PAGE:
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We’re finally seeing some upward movement in mortgage rates, especially at the top end, where the 30-year mortgage rate crept to 4.663%, up from 4.529% last week, as measured by the BankingMyWay Weekly Mortgage Rate tracker

One- and three-year adjustable rate mortgages also inched upward, as downward pressures eased on mortgage rates for the first time this summer (actually, since April 2010).

Rates have fallen because of weak economic indicators, which really haven’t grown any stronger in the past week (especially with jobless claims, which rose over the benchmark 500,000 level last week). So it’s probable that rates are either taking a breather before continuing their descent, or we’ve reached a bottom where rates will remain until the economic landscape crystallizes.

A big reason rates are remaining low is the absence of signs of inflation. Economists worry about the impact inflation could have on our economic recovery. They believe that as inflation raises the cost of living, central bankers must raise interest rates to keep inflation in check.

But that’s not the case right now, as economists don’t even see a glimpse of inflation on the economic horizon.

“Investors in long-term bonds appear very confident that inflation will remain in check, and as a result long-term fixed mortgage rates have continued to fall,” Amy Crews Cutts, deputy chief economist for Freddie Mac, said in a statement on Aug. 19. “This week marks the ninth straight week in the Primary Mortgage Survey that 30-year-fixed mortgage rates have met or set a new record low.”

The slight shift upward in mortgage rates comes as at time when homeowners are more pessimistic than ever about the U.S. housing market. According to the most recent Homeowner Confidence Survey, 28% of U.S. homeowners believe home prices in their communities will fall by the end of 2010. Only 20% thought the same thing back in January, Zillow reports.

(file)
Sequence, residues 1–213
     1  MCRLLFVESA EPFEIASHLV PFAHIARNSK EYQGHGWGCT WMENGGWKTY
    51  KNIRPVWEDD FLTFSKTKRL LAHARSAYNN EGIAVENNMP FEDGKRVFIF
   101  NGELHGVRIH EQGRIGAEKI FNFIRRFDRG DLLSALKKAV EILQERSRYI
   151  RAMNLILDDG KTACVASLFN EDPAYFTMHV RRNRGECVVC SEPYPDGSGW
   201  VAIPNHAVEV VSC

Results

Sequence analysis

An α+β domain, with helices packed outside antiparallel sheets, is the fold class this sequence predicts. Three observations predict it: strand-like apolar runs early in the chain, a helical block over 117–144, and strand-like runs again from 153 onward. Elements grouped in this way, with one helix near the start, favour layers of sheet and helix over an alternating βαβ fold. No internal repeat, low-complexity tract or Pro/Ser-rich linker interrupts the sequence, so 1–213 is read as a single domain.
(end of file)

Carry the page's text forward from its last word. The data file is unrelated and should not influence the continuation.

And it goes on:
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"As homeowners have been so inundated recently with news of declining home sales post-tax credit, it's no surprise that they would become more pessimistic about the future of home values," Stan Humphries, Zillow’s chief economist, said. "Homeowners have become much more responsive to current market conditions than they were just two years ago, when a more typical reaction was denial.”

So, it’s a good news/bad news week for homeowners. Rates have risen  - at least for one week, anyway – but more owners believe the value of their homes will decline rather than rise.

With this in mind, let’s look at this week’s mortgage numbers, as measured by the BankingMyWay Weekly Mortgage Rate Tracker.

Description                             This Week                   Last Week

One-Year ARM                       3.453%                        3.886%
Three-Year ARM                     4.034%                        3.864%
Five-Year ARM                       3.569%                        3.614%
15-Year Mortgage                    4.015%                        4.033%
30-Year Mortgage                    4.663%                        4.529%


It’s much too early to say the mortgage rate market has hit bottom. But if you feel antsy about it, the best time to lock in is right now. To get those low mortgage rates before they really do rise significantly, visit BankingMyWay’s Mortgage Rate Search Week-to-week, it’s your best bet for finding the best mortgage rate deal possible.

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